11, in the 2nd month (1568): Yoshihide became Sei-i Taishōgun three years after the death of his cousin, the thirteenth shōgun Ashikaga Yoshiteru.[2]Contents1 Family 2 Events of Yoshihide's bakufu 3 Era of Yoshihide's bakufu 4 Notes 5 ReferencesFamily[edit]Father: Ashikaga Yoshitsuna Mother: daughter of Ouchi Yoshiyuki Wife: Yuki no TsuboneEvents of Yoshihide's bakufu[edit] Shortly after having been proclaimed shōgun, Yoshihide died from a contagious disease
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Ashikaga Yoshiaki
Ashikaga Yoshiaki
Ashikaga Yoshiaki
(足利 義昭, December 5, 1537 – October 19, 1597)[1] was the 15th shōgun of the Ashikaga shogunate
Ashikaga shogunate
in Japan who reigned from 1568 to 1573.[2] His father,
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Tokugawa Hidetada
Among Others...ParentsTokugawa Ieyasu Saigō-no-Tsubone Tokugawa Hidetada
Tokugawa Hidetada
(徳川 秀忠, May 2, 1579 – March 14, 1632) was the second shōgun of the Tokugawa dynasty, who ruled from 1605 until his abdication in 1623. He was the third son of Tokugawa Ieyasu, the first shōgun of the Tokugawa shogunate.Contents1 Early life (1579–1593) 2 Military achievements (1593–1605) 3 Shōgun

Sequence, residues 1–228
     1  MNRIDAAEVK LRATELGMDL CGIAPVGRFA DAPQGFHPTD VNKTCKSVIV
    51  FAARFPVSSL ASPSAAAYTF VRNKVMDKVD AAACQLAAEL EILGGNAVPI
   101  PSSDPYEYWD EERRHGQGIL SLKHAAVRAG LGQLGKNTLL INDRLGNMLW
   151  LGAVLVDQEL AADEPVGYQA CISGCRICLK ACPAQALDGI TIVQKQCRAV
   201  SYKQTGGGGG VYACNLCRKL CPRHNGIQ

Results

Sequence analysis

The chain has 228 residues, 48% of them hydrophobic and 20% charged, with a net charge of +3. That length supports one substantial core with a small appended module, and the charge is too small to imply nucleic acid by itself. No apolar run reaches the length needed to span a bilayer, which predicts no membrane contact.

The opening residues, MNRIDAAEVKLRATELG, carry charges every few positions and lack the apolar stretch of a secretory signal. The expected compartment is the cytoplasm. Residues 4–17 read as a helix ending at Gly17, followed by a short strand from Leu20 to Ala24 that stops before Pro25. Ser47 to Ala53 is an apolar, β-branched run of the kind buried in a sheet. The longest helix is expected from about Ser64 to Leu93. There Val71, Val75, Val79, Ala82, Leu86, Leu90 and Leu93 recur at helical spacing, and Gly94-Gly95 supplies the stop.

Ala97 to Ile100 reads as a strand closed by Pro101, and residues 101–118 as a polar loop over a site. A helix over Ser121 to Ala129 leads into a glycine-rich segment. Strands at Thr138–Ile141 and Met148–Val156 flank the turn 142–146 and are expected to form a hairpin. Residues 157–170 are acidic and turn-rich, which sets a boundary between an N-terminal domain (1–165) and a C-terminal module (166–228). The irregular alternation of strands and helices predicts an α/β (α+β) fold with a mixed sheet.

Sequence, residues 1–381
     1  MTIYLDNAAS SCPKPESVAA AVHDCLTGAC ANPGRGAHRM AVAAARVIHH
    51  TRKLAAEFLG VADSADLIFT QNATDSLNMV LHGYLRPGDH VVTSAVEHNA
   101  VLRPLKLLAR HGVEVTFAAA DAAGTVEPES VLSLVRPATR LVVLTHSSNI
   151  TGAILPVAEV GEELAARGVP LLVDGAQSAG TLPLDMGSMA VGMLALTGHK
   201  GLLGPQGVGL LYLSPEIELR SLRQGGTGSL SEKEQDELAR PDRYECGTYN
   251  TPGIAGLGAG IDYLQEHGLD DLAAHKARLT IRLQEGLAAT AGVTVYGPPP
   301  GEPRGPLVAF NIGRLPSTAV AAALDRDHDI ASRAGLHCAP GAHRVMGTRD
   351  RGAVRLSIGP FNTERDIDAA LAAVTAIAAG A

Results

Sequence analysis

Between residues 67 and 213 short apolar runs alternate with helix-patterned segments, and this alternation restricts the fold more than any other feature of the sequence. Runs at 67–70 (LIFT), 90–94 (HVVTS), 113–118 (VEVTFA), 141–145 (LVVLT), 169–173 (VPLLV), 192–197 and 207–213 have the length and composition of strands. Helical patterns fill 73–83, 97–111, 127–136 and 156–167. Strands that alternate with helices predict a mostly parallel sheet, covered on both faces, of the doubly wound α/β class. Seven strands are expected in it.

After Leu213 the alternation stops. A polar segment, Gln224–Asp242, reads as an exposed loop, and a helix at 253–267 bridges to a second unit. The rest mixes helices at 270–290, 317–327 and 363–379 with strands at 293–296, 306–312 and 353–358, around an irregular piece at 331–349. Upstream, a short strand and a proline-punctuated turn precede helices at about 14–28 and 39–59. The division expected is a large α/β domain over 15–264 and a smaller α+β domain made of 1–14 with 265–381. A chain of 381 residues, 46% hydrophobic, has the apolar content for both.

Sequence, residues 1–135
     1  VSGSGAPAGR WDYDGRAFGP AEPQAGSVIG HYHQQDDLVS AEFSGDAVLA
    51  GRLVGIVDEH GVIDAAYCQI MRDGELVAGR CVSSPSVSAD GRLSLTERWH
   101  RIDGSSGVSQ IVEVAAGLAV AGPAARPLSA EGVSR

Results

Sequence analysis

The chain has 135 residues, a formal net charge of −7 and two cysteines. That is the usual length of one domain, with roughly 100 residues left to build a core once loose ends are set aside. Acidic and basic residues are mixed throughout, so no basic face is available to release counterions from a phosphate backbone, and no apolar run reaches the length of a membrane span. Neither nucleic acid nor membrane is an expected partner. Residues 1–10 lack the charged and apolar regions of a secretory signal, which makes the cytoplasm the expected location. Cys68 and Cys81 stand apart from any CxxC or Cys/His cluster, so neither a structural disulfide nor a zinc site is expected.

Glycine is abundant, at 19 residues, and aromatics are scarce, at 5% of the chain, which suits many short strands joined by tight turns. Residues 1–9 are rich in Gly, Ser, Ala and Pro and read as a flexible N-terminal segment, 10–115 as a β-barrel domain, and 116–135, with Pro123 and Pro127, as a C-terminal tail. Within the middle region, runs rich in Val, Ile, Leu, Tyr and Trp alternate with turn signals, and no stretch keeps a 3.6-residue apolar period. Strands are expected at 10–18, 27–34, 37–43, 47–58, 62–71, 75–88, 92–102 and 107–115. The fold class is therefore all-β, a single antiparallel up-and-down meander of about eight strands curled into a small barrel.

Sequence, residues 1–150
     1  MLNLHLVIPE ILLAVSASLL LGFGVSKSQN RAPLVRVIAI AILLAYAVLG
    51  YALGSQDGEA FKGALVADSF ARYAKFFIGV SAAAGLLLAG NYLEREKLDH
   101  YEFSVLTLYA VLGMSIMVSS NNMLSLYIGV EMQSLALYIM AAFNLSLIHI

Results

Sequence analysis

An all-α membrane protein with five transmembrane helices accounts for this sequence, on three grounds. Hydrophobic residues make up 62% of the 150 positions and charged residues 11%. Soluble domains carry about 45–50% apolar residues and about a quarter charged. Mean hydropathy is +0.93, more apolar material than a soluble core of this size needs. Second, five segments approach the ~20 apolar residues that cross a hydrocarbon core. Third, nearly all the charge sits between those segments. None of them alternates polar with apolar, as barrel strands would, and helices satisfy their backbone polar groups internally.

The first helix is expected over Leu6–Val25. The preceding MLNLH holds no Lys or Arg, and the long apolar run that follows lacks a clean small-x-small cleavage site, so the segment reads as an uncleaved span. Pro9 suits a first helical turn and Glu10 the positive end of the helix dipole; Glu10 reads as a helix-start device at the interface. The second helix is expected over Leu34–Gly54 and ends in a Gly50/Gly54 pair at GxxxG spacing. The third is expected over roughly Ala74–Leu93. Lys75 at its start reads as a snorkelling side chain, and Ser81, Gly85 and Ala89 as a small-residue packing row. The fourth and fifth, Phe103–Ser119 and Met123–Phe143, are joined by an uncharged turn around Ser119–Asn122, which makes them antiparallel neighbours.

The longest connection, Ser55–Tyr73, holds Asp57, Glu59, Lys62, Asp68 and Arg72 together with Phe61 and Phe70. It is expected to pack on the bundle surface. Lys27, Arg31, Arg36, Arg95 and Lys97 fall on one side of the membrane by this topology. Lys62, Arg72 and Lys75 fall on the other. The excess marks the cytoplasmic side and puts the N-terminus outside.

Shōgun
(1605–1623) 4 Ogosho (1623–1632) 5 Honours 6 Eras 7 Family 8 Notable descendants 9 Notes 10 ReferencesEarly life (1579–1593)[edit] Tokugawa Hidetada
Tokugawa Hidetada
was born to Tokugawa Ieyasu
Tokugawa Ieyasu
and the Lady Saigō
Lady Saigō
(the first of his many consorts) on May 2, 1579
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Emperor Of Japan
The Emperor
Emperor
of Japan
Japan
is the head of the Imperial Family and the traditional head of state of Japan. Under the 1947 constitution, he is defined as "the symbol of the State and of the unity of the people." Historically, he was also the highest authority of the Shinto religion. In Japanese, the Emperor
Emperor
is called Tennō (天皇), which translates to "heavenly sovereign". In English, the use of the term Mikado (帝 or 御門) for the Emperor
Emperor
was once common, but is now considered obsolete.[1] Currently, the Emperor
Emperor
of Japan
Japan
is the only head of state in the world with the English title of "Emperor"
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Emperor Go-Kashiwabara
Emperor Go-Kashiwabara
Emperor Go-Kashiwabara